type Expr f = f (SProxy "expr")
type Binding f = f (SProxy "binding")
data Lit (f :: Type -> Type) = Lit Int
type LIT r = (lit :: NFProxy Lit | r)
instance nfunctorLit :: NFunctor Lit where nmap f (Lit a) = Lit a
data Var (f :: Type -> Type) = Var String
type VAR r = (var :: NFProxy Var | r)
instance nfunctorVar :: NFunctor Var where nmap f (Var a) = Var a
data Add f = Add (Expr f) (Expr f)
type ADD r = (add :: NFProxy Add | r)
instance nfunctorAdd :: NFunctor Add where nmap f (Add a b) = Add (f a) (f b)
data Let f = Let (Binding f) (Expr f)
type LET r = (let :: NFProxy Let | r)
instance nfunctorLet :: NFunctor Let where nmap f (Let a b) = Let (f a) (f b)
data Bound f = Bound String (Expr f)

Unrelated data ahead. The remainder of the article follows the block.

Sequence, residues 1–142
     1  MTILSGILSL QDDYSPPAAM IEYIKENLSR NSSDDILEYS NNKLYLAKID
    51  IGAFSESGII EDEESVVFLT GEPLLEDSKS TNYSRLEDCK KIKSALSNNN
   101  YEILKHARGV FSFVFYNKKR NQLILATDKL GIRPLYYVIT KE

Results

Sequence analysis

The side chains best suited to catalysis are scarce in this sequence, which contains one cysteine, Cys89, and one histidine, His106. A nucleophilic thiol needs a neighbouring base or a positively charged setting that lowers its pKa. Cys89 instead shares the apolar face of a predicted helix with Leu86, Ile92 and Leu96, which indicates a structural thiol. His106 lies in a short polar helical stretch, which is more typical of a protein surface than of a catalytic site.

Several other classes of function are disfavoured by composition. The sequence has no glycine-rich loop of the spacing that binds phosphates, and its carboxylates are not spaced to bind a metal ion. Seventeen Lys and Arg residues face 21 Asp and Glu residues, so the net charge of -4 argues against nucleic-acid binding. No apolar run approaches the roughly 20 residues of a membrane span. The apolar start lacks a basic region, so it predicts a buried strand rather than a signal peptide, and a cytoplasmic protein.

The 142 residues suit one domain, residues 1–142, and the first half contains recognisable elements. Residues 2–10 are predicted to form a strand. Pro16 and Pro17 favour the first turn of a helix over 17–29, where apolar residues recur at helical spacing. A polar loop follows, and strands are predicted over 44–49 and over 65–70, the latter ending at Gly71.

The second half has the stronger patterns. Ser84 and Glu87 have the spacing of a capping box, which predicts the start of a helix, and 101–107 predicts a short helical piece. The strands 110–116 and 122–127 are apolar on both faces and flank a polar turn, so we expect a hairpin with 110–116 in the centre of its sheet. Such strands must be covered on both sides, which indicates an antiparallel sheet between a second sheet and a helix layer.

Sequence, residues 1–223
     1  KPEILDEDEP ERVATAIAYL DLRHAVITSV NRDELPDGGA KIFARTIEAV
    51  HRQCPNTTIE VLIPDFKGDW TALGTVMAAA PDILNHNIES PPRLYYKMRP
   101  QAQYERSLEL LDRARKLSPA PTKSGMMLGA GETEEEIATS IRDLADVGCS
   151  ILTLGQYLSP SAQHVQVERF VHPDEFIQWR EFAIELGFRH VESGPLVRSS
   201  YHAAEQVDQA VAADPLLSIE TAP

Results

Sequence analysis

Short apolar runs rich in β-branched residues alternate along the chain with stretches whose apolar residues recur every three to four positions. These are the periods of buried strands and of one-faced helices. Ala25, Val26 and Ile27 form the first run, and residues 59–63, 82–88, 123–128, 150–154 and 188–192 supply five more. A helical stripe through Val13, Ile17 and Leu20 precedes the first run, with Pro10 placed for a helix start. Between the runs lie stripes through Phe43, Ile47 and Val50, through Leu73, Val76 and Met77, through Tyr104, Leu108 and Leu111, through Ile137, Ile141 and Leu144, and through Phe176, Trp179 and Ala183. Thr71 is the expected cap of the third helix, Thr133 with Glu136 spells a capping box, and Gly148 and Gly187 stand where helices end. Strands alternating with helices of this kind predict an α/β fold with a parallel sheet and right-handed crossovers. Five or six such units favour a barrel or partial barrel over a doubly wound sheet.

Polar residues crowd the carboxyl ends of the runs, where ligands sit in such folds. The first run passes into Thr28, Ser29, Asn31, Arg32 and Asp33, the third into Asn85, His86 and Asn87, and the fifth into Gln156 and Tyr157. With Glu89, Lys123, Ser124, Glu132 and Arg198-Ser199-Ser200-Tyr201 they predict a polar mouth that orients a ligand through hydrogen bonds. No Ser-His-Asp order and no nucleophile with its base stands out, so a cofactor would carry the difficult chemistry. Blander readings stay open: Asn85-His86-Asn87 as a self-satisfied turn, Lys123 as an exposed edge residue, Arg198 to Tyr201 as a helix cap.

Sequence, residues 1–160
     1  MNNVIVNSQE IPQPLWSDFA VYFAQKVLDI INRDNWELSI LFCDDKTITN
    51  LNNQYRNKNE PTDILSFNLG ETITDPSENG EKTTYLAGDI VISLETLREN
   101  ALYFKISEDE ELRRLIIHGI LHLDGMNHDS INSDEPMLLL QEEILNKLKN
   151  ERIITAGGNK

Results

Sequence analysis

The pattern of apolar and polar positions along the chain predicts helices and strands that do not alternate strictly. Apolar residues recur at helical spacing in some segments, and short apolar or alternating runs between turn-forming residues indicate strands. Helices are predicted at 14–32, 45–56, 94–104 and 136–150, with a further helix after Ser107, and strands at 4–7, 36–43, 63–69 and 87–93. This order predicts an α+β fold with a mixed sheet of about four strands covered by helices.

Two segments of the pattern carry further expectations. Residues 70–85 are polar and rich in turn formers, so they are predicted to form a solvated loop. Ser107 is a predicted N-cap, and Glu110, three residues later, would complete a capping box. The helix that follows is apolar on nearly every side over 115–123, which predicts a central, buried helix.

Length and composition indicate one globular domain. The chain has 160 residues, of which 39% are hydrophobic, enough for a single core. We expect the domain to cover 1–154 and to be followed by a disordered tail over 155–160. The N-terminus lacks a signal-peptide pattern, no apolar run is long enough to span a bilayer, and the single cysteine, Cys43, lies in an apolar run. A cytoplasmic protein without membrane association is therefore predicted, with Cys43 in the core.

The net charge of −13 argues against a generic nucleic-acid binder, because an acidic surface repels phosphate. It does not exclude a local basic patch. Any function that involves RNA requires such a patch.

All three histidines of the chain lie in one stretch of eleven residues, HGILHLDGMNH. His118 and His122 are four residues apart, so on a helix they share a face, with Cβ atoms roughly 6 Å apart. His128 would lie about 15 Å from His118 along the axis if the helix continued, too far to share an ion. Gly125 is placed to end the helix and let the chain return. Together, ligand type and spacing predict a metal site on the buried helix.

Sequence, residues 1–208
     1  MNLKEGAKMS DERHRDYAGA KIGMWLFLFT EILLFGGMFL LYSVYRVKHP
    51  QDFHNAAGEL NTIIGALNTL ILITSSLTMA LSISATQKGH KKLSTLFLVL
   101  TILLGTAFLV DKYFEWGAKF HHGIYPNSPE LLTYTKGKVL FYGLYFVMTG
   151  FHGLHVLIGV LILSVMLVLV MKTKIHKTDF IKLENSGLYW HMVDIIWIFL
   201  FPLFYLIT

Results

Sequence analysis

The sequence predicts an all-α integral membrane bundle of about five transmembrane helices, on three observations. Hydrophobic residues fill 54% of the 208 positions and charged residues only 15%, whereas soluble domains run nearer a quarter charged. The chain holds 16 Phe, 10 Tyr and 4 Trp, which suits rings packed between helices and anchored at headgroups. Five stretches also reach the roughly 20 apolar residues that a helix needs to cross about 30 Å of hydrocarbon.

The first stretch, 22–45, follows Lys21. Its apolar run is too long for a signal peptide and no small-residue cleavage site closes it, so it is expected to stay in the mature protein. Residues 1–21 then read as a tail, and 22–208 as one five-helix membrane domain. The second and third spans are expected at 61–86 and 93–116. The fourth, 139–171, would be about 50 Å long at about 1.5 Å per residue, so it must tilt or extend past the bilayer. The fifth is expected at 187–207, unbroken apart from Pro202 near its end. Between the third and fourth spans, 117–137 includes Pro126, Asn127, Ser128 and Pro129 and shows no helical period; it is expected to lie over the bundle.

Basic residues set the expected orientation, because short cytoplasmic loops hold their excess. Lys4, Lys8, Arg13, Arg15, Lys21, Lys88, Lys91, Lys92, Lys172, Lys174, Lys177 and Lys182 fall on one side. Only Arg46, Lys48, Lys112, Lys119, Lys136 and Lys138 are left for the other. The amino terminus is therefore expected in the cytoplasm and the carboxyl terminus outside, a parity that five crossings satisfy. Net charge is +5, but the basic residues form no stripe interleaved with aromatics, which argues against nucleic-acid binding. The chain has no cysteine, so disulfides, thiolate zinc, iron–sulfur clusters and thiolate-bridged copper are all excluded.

type BOUND r = (bound :: NFProxy Bound | r)
instance nfunctorBound :: NFunctor Bound where nmap f (Bound a b) = Bound a (f b)
```

With this we can start assembling a new `Variant`

type for this shape:

```
data VariantNF (r :: # Type) (f :: Type -> Type)
inj ::
forall r rx sym f a.
Row.Cons sym (NFProxy f) rx r =>
IsSymbol sym =>
NFunctor f =>
SProxy sym ->
f a ->
VariantNF r a
lit :: forall f r. Int -> VariantNF (LIT + r) f
lit = inj (SProxy :: SProxy "lit") <<< Lit
var :: forall f r. String -> VariantNF (VAR + r) f
var = inj (SProxy :: SProxy "var") <<< Var
add :: forall f r. Expr f -> Expr f -> VariantNF (ADD + r) f
add a b = inj (SProxy :: SProxy "add") $ Add a b
letIn :: forall f r. Binding f -> Expr f -> VariantNF (LET + r) f
letIn a b = inj (SProxy :: SProxy "let") $ Let a b
bound :: forall f r. String -> Expr f -> VariantNF (BOUND + r) f
bound a b = inj (SProxy :: SProxy "bound") $ Bound a b
```

So far this is mostly the same as normal `VariantF`

, just with a different kind. Now we can implement a new fixpoint type which lets us tie the mutual binding group together, much like what `Mu`

does for `VariantF`

. We are going to index it by our binding identifiers, in the same vein as `Variant`

.

```